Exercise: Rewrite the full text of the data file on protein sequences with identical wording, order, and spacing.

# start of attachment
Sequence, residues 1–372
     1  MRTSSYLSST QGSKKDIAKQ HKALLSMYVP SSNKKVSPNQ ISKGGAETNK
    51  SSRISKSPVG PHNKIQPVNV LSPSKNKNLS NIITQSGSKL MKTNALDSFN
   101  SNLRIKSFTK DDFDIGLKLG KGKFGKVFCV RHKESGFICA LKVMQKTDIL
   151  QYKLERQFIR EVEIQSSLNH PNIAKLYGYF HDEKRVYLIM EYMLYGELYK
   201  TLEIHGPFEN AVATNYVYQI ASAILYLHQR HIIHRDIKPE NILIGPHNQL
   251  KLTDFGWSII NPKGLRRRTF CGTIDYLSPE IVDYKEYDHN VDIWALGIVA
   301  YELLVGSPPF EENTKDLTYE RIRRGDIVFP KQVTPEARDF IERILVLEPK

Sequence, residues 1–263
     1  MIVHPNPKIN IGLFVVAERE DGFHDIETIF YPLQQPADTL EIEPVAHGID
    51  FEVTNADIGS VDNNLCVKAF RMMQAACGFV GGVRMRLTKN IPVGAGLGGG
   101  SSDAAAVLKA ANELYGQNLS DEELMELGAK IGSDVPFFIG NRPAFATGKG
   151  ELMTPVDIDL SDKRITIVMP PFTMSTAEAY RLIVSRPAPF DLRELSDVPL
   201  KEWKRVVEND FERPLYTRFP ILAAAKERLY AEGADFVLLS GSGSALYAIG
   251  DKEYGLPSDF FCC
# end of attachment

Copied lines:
Sequence, residues 1–372
     1  MRTSSYLSST QGSKKDIAKQ HKALLSMYVP SSNKKVSPNQ ISKGGAETNK
    51  SSRISKSPVG PHNKIQPVNV LSPSKNKNLS NIITQSGSKL MKTNALDSFN
   101  SNLRIKSFTK DDFDIGLKLG KGKFGKVFCV RHKESGFICA LKVMQKTDIL
   151  QYKLERQFIR EVEIQSSLNH PNIAKLYGYF HDEKRVYLIM EYMLYGELYK
   201  TLEIHGPFEN AVATNYVYQI ASAILYLHQR HIIHRDIKPE NILIGPHNQL
   251  KLTDFGWSII NPKGLRRRTF CGTIDYLSPE IVDYKEYDHN VDIWALGIVA
   301  YELLVGSPPF EENTKDLTYE RIRRGDIVFP KQVTPEARDF IERILVLEPK

Sequence, residues 1–263
     1  MIVHPNPKIN IGLFVVAERE DGFHDIETIF YPLQQPADTL EIEPVAHGID
    51  FEVTNADIGS VDNNLCVKAF RMMQAACGFV GGVRMRLTKN IPVGAGLGGG
   101  SSDAAAVLKA ANELYGQNLS DEELMELGAK IGSDVPFFIG NRPAFATGKG
   151  ELMTPVDIDL SDKRITIVMP PFTMSTAEAY RLIVSRPAPF DLRELSDVPL
   201  KEWKRVVEND FERPLYTRFP ILAAAKERLY AEGADFVLLS GSGSALYAIG
   251  DKEYGLPSDF FCC